Can one overdose on Debussy songs? Not when Stéphane Degout delivers them so emphatically, yet with such refinement. Too much languid Debussy, however, can act as a mild opiate, inducing a half-dream state. Perhaps this was the baritone’s intention — an evening split into two distinct halves, the first misty with melancholy, the second spiked with soft-touch irony. His baritone of suede was highly gratifying in both modes. In the second half, however, Poulenc’s Le Bestiaire (The Bestiary) and Ravel’s Histoires naturelles (Stories from Nature) not only showed off his dramatic gifts better, but seemed a natural fit for his vocal temperament. Although lyric in weight, Mr Degout’s voice has a darkish patina that never quite disappears, even when he lightens it. It gives his singing a cerebral dimension, as if he is examining emotions as he experiences them.

Stéphane Degout © Julien Benhamou
Stéphane Degout
© Julien Benhamou
The poetry of Verlaine and Mallarmé, who filter feelings and memories through a succession of dissolving images, was served well by this slightly detached quality in the Debussy. Not as well, however, as the satirical texts in the Poulenc and Ravel. On the piano, Alain Planès was a highly alert partner throughout, and his Debussy made the desired impression of bright pigments melting in water, but something extra emerged after the break. Pianist and singer were more attuned to each other and their body language signalled a strong physical connection to the material.

The Debussy half certainly started with a splash. Mr Degout struck the right melancholic sweep in Verlaine’s eulogy La Mer est plus belle (The sea is more beautiful) to the swirling waves in the piano. It was the only truly spirited number until the final song before intermission, Ballade des femmes de Paris (The Ballad of the Women of Paris). This song, one of three by the 15th-century poet and serial delinquent François Villon, he of the “snows of yesteryear” fame, extolls the Parisian gift of the gab to a heel-clicking staccato rhythm. Mr Degout built a rowdy crescendo into it, and, at this point, it felt very welcome. The tempo markings for most of the Debussy songs do not lie — “slow and sorrowful”, “sad and slow”, “calm and expressive”, “very slow and very sweet”. Pace-wise, It was a homogeneous first half. Mr Degout’s diction was never less than 100% lucid and his phrasing honed down to the smallest detail. He did not shy away from loud climaxes, for example, as the lover crying for attention in Placet futil (Futile Plea). In fact, sometimes he was a little too loud for the Muziekgebouw, which has generous acoustics, but projecting in an unfamiliar venue can be tricky. He was possibly managing a little frog in his throat, no more than a tadpole really. There was a slight raspiness on certain diminuendos in the register breaks, but the smoothness and elasticity of the instrument remained mostly intact. With that uniquely French nasal resonance on deadpan low notes Mr Degout spelled the death of love between the couple in Colloque sentimental (Sentimental Meeting). There were many moments of pure lyricism, such as the mysterious waves coming to rest in La Grotte (The Cave), beautifully illustrated with piano dynamics.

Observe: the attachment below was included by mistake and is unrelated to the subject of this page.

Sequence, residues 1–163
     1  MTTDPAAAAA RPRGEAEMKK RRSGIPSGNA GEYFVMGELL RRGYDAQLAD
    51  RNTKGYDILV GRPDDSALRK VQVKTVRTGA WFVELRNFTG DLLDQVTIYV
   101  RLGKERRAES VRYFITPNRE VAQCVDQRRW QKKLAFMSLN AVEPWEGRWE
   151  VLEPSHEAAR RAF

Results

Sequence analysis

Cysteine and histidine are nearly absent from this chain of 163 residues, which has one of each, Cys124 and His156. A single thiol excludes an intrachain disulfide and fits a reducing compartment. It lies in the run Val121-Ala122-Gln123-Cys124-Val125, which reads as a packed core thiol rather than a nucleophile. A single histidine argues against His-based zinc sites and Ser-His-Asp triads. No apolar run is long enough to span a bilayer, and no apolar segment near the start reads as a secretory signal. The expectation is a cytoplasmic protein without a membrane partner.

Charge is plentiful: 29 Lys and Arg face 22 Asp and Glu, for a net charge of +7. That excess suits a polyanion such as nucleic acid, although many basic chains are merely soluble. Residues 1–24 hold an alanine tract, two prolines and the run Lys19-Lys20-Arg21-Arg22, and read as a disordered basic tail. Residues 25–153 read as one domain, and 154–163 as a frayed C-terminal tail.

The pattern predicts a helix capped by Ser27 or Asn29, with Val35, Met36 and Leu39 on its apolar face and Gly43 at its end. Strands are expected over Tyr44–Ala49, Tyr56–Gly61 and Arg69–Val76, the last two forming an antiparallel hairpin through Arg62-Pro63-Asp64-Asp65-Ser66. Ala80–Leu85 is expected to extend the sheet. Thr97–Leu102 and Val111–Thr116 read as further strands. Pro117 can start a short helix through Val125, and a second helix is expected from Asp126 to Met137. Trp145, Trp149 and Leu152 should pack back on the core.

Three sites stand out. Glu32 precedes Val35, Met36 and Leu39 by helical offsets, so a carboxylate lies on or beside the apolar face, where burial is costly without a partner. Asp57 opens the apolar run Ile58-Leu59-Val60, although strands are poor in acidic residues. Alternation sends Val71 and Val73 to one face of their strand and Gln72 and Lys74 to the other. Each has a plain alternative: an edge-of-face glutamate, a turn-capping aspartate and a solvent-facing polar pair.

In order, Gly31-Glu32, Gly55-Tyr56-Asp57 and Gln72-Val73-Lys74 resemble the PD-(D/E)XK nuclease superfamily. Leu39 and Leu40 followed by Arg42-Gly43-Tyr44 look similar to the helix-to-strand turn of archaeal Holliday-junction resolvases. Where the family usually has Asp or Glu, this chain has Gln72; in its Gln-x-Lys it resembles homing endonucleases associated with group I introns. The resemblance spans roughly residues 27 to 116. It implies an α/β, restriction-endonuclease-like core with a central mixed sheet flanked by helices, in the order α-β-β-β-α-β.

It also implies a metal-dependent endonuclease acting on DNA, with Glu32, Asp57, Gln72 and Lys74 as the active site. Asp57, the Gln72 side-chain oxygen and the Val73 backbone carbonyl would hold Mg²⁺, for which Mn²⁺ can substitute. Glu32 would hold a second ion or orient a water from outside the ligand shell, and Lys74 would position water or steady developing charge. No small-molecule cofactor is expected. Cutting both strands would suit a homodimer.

The lighter tone introduced in the Ballade des femmes de Paris continued beyond Debussy. Poulenc’s Le Bestiaire, inspired by Orpheus charming the animals with his music, consists of six aphoristic miniatures by Apollinaire. The accompaniment depicts the undulating gait of a camel, a jumping grasshopper and dancing dolphins. Mr Planès played them all picturesquely, while Mr Degout delivered the lines, a mixture of the absurd and the wistful, with low-lidded suavity. Three songs by Satie followed, including Le Chapelier, in which the Mad Hatter from Alice in Wonderland tries to fix his watch by dunking it in tea. Mr Degout sang it out with controlled hysteria. In contrast, La statue de bronze, about a bronze frog’s envy of her live counterparts, was a lesson in restrained elegance. The glass menagerie of delicate drollery continued with Ravel’s longer cycle. In Histoires naturelles Jules Renard’s poems are fascinating psychological studies — a pathetic peacock, an anxious cricket, an angler whose evening is glorified by a visit from a kingfisher. If perfection were possible, one would say this was a perfect execution, but near-perfect will have to do. Each portrait was lit up in vivid detail. Moreover, the balance between voice and piano was highly satisfying, both equally eloquent, even audacious when warranted, as in the angry fits of the pugnacious guineafowl in La Pintade. No encore could compete with the Ravel cycle, but his Chanson Romanesque from Don Quichotte à Dulcinée, with dissonance twisting its throbbing Spanish rhythm, was in the same sweet-sour vein.